In general, there are two ways to model human relationships in software. An “asymmetric” model is how Twitter currently works. You can “follow” someone else without them following you back. It’s a one-way relationship that may or may not be mutual. Facebook, on the other hand, has always used a “symmetric” model, where each time you add someone as a friend they have to add you as a friend as well. An asymmetric model allows for more types of relationships. This attention inequality is the foundation of the Twitter service.
Tag: social capital
The convention for creating financial opportunities is evolving and changing the way we seed prospects, promote our expertise and prowess, and connect with those who can help us learn and advance through the facilitation of strategic and mutually beneficial alliances. Digital capitalization is laying a foundation for expanding the need to cultivate and participate, not only in the real world, but also in the online networks and communities that can benefit us personally and professionally.
Financial crises stink. In their wake, public debt explodes. Nations default. Economic growth falters. Taxes rise. Unemployment lingers. The current financial crisis is no different. The U.S. will have to produce 10 million new jobs just to get back to the unemployment levels of 2007. There’s no sign that that is going to happen soon, so we’re looking at an extended period of above 8 percent unemployment. The biggest impact is on men.
All too frequently, someone makes a comment about how a large number of Facebook Friends must mean a high degree of social capital. Or how we can determine who is closest to who by measuring their email messages. Or that the Dunbar number can explain the average number of Facebook friends. These are just three examples of how people mistakenly assume that 1) any social network that can be boiled down to a graph can be compared and 2) any theory of social networks is transitive to any graph representing connections between people. Such mistaken views result in broad misinterpretations of social networks and social network sites.
Last week the Altimeter Group, run by former Forrester Research analyst Charlene Li, and online marketing firm Wetpaint released a study that analyzed the 100 most valuable brands (according to BusinessWeek/Interbrand) and how they engage across 11 different online social-media venues, including Facebook, Twitter and YouTube. The study was billed as creating an "engagement database" and ranked Starbucks No. 1, followed by Dell and eBay, based on their breadth and depth of social engagement. Google, Microsoft, Thomson Reuters, Nike, Amazon, SAP and Yahoo/Intel (a tie) round out the top 10. What was eye-popping was the correlation they made between social engagement and financial performance.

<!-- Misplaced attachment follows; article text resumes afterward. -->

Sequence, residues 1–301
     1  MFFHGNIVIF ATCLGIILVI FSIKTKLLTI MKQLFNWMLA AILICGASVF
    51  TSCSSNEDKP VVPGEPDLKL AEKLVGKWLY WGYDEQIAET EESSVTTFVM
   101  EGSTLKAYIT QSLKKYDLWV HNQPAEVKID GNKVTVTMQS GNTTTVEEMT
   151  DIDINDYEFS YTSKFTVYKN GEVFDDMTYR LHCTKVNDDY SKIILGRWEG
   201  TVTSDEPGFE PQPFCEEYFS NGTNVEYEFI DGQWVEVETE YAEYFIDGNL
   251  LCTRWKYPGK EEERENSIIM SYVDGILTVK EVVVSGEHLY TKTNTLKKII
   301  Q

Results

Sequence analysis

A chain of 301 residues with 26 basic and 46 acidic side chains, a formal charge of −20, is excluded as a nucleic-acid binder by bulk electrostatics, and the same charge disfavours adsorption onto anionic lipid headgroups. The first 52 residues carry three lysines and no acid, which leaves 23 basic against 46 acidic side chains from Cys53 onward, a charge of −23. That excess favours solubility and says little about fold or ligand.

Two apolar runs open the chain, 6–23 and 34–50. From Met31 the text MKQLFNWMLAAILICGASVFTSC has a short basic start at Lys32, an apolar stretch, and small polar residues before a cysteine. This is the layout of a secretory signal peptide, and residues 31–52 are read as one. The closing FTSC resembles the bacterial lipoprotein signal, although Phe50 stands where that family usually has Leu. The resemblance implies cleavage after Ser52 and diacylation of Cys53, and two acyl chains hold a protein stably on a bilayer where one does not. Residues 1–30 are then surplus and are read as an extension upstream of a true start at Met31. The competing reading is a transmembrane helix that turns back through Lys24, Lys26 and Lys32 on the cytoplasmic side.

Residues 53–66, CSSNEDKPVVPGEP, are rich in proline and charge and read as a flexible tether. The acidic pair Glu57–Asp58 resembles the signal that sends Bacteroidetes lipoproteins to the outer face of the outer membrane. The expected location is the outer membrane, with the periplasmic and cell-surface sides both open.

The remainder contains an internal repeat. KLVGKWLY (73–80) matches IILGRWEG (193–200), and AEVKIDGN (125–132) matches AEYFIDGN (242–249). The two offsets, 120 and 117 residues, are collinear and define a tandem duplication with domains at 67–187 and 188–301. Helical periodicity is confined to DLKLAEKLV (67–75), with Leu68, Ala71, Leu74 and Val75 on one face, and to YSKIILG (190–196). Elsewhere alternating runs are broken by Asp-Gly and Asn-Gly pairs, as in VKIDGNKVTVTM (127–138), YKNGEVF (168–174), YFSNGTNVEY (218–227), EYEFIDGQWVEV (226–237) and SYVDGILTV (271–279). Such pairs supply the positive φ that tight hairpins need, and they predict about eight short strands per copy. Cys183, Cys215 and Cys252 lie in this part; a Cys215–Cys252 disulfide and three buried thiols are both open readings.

With the rapid adoption of social media, we have accelerated into a network economy. In a network economy, connectivity enables value to be created and shared by network members. The larger the network, the greater the potential benefits. In the digital world, network activities take place on an open platform that enables participation and cloud computing (think Wikipedia and widgets). In networks, some members are more connected and active, and therefore have more influence. These influentials are important members because they add significantly more value to the network. In the digital world, they blog, twitter, upload videos, experiment with new gadgets, and create widgets. As early adopters, they tend to be trendsetters that are followed by their friends and sometimes the masses.
From the perspective of the luxury merchant and the wealthy consumer, what used to be a simple communication of social status has become very complex: There are more communicators (more wealthy) in more places (globalization) with more choices regarding how to communicate (luxury alternatives) than ever before. If luxury is the language of wealth, the luxury industry has become a Tower of Babel.
It’s new enough that there’s not even a commonly accepted term for it. Some call it “social capital” or “social entrepreneurism”, others “blended value”, and some choose the Starbucksian name “double-triple bottom line.” You might just call it making money from doing good.
As public relations, communications, and new media marketing professionals, it's our job to identify the communities where our customers, peers, and also influencers communicate with each other in a way that's transparent and frictionless. It's how we build relationships and how we establish our personal and corporate social capital while simultaneously increasing intellectual equity.